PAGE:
Locavore: Someone who exclusively or at least primarily eats foods from their local or regional food shed, or a determined radius from there home. Commonly 100-250 miles in radius from where they live depending on the location of where they live.

Free Range: A method in farming, where animals are allowed to roam freely instead of being detained in any matter.

Grass Feed: Animals who eat  a diet of natural grass and other forage in there natural environment instead of cheap feed.

Cheap Feed: Food for animal consumption condensed of meat from other animals or the same species of animal (meat from diseased animals;feathers; hair; skin; hooves; blood; animal waste; plastic; antibiotics)

Sustainable Agriculture: Food production methods that are healthy, don't harm the environment, respect workers, are humane to animals, provide fare wages to farm workers and support farming communities. This can pertain to produce, meat, seafood, etc.

Cage Free: Refers to hens that are not raised in cages. There is no standard definition for "cage free" and cage free also means that animals aren't in cages but may also not be outdoors either.

Hormone Free: Animals that are and were never given hormone treatments

Natural: Nothing is grown with artificial ingredients or added color and is only minimally processed. If processed, it must not fundamentally alter the the product. If the product is labeled, the label must include a specific explanation.

Pasture Raised: Animals that are naturally raised in a pasture that can roam freely in their natural environment. They are able to eat nutritious grasses and other plants that their bodies are adapted to digest.

For more How To stories, CLICK HERE.

How To Make Popsicles at Home

Experiment with flavors and add-ins to make your popsicles personal to your whims. (Photo: roboppy) In the heat, there are only a few things that can make the heat enjoyable. A view of the ocean, an ice cold drink, and a flavorful popsicle, just to name a few. When the temperature is over 90 degrees, a popsicle is the perfect way to cool your body down and also sneak in a tasty treat. Popsicles are an all-time favorite, but a sugary box with grape, orange, and cherry flavors just aren't cutting it anymore. Different flavors, teas, spices, and sweeteners can all be added  to your popsicle of choice when you make them at home. Making these warm weather favorites are quick and easy. Here are some tips on making popsicles at home. 

With or Without: 

Homemade popsicles are easy to make no matter what time of day. A few ingredients and a few options will have your freezer stocked with popsicles for the entire summer. The primary tool for making popsicles, naturally, is a popsicle maker. Truthfully, popsicles can be made in anything ranging from an actually popsicle maker of any shape, size and mold, a small narrow cup, or even ice cube trays that you already have in your freezer. If you are using cups versus a traditional popsicle mold, it will be great help to have some plastic wrap on hand as well. A layer of plastic wrap over the molds, then inserting the popsicle sticks through the plastic will help the sticks stay in place when freezing. Another option for making popsicles without molds are, partially freeze your filling in the molds for about 30 minutes, and then add the popsicle stick. This will help the stick stay in place and not lean to one side. When filling the molds or cups with your desired flavors, pour filling from a pitcher or something with a spout that will allow you to pour directly in the mold. This helps control your pour and helps with the ease of clean up.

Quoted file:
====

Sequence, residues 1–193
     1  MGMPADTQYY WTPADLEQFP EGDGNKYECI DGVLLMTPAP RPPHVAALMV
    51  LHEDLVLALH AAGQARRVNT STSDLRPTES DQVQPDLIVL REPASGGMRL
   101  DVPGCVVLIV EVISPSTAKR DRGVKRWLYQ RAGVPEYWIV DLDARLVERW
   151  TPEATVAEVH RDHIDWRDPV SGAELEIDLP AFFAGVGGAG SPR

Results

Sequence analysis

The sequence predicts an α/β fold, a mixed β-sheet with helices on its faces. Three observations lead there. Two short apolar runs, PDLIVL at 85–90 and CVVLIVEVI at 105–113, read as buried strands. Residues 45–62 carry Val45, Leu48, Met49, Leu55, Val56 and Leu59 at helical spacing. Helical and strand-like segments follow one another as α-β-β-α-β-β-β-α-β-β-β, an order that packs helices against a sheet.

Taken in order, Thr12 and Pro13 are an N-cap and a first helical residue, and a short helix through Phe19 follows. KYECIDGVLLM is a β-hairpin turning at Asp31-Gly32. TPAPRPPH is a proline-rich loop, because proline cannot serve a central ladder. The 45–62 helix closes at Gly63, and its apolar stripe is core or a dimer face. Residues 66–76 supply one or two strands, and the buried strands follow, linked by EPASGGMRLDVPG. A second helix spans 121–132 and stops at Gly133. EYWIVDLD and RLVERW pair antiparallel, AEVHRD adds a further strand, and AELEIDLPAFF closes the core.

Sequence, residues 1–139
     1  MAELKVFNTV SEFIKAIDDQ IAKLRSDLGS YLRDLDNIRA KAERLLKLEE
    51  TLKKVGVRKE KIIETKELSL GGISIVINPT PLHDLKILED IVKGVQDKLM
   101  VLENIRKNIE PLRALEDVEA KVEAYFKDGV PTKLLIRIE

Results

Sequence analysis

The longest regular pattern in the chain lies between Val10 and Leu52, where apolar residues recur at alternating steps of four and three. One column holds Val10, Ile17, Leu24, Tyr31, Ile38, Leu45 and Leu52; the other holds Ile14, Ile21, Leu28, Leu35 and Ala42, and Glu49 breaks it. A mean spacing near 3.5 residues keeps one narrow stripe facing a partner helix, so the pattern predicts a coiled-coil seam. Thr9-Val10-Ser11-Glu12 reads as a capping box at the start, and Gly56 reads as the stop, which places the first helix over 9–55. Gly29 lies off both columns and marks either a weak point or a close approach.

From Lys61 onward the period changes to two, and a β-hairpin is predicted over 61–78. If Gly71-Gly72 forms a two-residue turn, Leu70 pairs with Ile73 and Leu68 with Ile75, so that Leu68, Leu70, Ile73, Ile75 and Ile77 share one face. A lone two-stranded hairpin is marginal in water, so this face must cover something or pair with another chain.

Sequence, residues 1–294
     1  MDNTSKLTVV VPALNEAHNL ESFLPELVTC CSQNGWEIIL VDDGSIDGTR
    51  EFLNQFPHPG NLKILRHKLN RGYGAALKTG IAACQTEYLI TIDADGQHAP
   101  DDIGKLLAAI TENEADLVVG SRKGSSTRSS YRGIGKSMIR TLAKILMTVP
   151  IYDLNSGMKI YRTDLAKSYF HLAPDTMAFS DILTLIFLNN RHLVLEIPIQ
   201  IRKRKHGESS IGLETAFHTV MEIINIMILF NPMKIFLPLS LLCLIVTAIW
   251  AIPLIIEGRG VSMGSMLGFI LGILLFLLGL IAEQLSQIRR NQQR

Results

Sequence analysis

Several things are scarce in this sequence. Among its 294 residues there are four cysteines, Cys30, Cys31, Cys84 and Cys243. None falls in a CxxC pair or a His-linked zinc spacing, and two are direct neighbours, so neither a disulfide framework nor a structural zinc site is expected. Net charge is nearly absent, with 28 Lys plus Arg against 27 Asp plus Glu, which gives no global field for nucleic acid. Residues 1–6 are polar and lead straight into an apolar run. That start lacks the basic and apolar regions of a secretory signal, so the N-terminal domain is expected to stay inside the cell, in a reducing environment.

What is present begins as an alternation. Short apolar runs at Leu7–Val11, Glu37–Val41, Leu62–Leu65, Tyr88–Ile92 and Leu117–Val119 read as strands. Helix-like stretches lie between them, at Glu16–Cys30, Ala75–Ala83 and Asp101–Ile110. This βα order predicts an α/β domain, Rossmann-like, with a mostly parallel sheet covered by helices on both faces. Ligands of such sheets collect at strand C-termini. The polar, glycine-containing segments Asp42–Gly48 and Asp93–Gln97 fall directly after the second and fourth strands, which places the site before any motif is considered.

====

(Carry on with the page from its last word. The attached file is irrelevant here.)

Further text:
Flavors: 

The great thing about making popsicles at home is the flavors you can create. Whether fruit based or dairy based, these decisions can be mixed and matched to how you like them. Fruit, Dairy, and Sweeteners are the 3 main things that can compose a great popsicle. A water based popsicle has no dairy, and fruit is the main component, where as a dairy-based popsicle can be rich and creamy with the help of milk, yogurt, or even Greek yogurt. Sugar, agave nectar, and honey can be added in to combat the sugary sweetness of conventional store-bought popsicles.

An Ice Cold Treat: 

Now that you are a popsicle flavor master, it's time to eat them. When completely frozen solid, run the mold or cup under warm water for just a few minutes. This helps release the popsicle from the mold so you can pull them out easier. Popsicles will last in the freezer for a few weeks or you can unmold them and wrap them individually and freeze them.

For an extra kick, make adult-only poptails-- cocktails in popsicle form.

No-Cook Recipe: Poptails

popsicles, frozen drinks, alcohol, poptails, cocktail It's hot outside, and it's hot inside. Not the easiest time to host guests, especially if like my own, your air conditioning can't handle a lot of bodies in one room. Drinking alcohol doesn't help either, as it raises body temperature and leaves everyone feeling flushed.

I realized a couple of summers what to do to your cocktails to keep your friends around for a few more hours: Freeze them.

Poptails - cocktails in popsicle form - help to beat the heat.

The key to adding alcohol to popsicles is in the ratio. Because alcohols freeze at lower temperatures than water or juice, you need to dilute them. Depending on the proof of your alcohol and consistency of the other ingredients, you want to use about 1 part alcohol to 4 parts mixer, although less mixer for beer, wine, or Champagne.

It's fun (and really cute) to take a signature cocktail and adapt it for frozen form. The fruitier and more diluted the drink, the easier it is. Fruity isn't the only route, however. What about coffee with milk, sugar, and a little bit of a cream liquor?

Be creative, and have fun... just as if you were making liquid cocktails.

Here are three I've made (and much enjoyed):

  • Greyhound - Freshly-squeezed pink grapefruit juice, sugar, and vodka.
  • Apple and Bourbon - Apple juice is sugary enough on its own, so cut the sweetness with a bit of lemon juice--and a shot of bourbon.
  • Tom Collins - Instead of sparkling water and lemon juice, just use lemonade in this remake of the classic cocktail. Add gin and an herb (mint, tarragon, or basil) for a sophisticated touch.

For the most successful, most-intact pops, get all of the details on how to make them.